CJEU rules on requirements for obligation to pay button

April 11, 2022

 The CJEU has ruled in the case of Case C-249/21, Fuhrmann-2-GmbH. The case covered the requirement to have an “obligation to pay” button under the Consumer Rights Directive. 

Article 8 of the CRD states that if a distance contract to be concluded by electronic means places the consumer under an obligation to pay, the trader must ensure that the consumer, when placing their order, explicitly acknowledges that the order implies an obligation to pay. The German Civil Code contains an implementing provision which requires the trader to display in an easily legible manner on the button for placing orders the words ‘order with obligation to pay’ or a corresponding unambiguous formulation.  

Fuhrmann-2 runs a hotel. The case arose in the context of a hotel booking where the consumer clicked a button saying “I’ll reserve” and another saying “complete booking”. However, there was no button saying “I will pay” or similar. The consumer did not turn up at the hotel and the hotel purported to charge the consumer for their stay.

The referring court stated that the success of the legal action brought by Fuhrmann-2 hinges on whether, the wording ‘complete booking’ on the booking button of the www.booking.com website meets the legal requirements.

It asked the CJEU if a button or a similar function – the activation of which forms part of the ordering process of a distance contract to be concluded by electronic means and which is not labelled with the words “order with obligation to pay” – is labelled with a corresponding unambiguous formulation, indicating that placing the order entails an obligation to pay the trader, is to be answered solely by reference to the labelling of the button or of the similar function. A lower German court had taken the view that you had to look at the whole context of the website concerned but the referring appeal case disagreed with that view. It considered that the term ‘booking’ in the expression ‘complete booking’ is not necessarily associated in everyday language with the obligation to pay financial consideration, but is often also used as a synonym for ‘pre-order or reserve in advance free of charge.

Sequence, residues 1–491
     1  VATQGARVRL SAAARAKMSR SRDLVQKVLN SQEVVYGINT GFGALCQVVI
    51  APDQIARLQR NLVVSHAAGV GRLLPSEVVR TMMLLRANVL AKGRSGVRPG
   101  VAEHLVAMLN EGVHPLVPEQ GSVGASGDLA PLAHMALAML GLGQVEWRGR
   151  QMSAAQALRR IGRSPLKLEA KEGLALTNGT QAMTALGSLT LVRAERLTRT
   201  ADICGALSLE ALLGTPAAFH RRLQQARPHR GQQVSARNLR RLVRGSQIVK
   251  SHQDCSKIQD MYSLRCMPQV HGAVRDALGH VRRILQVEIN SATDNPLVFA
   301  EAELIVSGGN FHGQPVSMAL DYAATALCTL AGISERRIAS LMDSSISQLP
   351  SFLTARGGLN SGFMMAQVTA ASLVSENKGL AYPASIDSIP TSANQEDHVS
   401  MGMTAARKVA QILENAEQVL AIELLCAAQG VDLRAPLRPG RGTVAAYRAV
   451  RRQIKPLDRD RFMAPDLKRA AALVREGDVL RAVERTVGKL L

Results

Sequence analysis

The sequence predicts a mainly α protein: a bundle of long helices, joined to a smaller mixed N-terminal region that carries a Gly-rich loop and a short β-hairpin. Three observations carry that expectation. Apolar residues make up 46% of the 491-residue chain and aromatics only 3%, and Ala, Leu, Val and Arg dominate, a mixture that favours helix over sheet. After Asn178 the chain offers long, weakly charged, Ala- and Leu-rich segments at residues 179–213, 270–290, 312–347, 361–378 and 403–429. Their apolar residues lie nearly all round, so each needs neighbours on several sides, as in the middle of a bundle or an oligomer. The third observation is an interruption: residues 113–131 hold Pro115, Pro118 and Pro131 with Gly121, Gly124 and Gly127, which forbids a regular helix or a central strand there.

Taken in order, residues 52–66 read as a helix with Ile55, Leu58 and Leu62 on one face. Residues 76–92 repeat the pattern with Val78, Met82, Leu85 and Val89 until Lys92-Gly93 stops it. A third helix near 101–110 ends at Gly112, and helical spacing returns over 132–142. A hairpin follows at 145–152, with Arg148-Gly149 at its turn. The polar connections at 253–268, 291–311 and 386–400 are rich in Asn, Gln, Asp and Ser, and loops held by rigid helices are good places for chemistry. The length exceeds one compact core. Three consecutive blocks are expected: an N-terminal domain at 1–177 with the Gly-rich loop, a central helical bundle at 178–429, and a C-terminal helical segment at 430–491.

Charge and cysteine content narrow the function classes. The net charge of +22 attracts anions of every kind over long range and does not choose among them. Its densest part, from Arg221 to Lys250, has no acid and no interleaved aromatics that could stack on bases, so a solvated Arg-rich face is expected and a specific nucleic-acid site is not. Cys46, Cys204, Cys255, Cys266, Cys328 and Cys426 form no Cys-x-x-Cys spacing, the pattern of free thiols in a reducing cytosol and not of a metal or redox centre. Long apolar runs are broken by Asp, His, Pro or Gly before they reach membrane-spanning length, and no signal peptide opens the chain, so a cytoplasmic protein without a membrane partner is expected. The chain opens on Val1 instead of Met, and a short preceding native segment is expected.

The CJEU said that the test for whether the wording on an order button meets the requirements is that “both in everyday language and in the mind of the average consumer who is reasonably well informed, and reasonably observant and circumspect, it is necessarily and systematically associated with the creation of an obligation to pay”. Only the wording on that button counts, not the wider context. 

The European Commission recently updated its guidance on the CRD and it suggests terms such as ‘buy now’, ‘pay now’ or ‘confirm purchase’ would convey the message required by the CRD.  On the contrary, phrases such as ‘register’, ‘confirm’ or ‘order now’ as well as unnecessarily long phrases that may effectively conceal the message about the obligation to pay, are less likely to meet this requirement.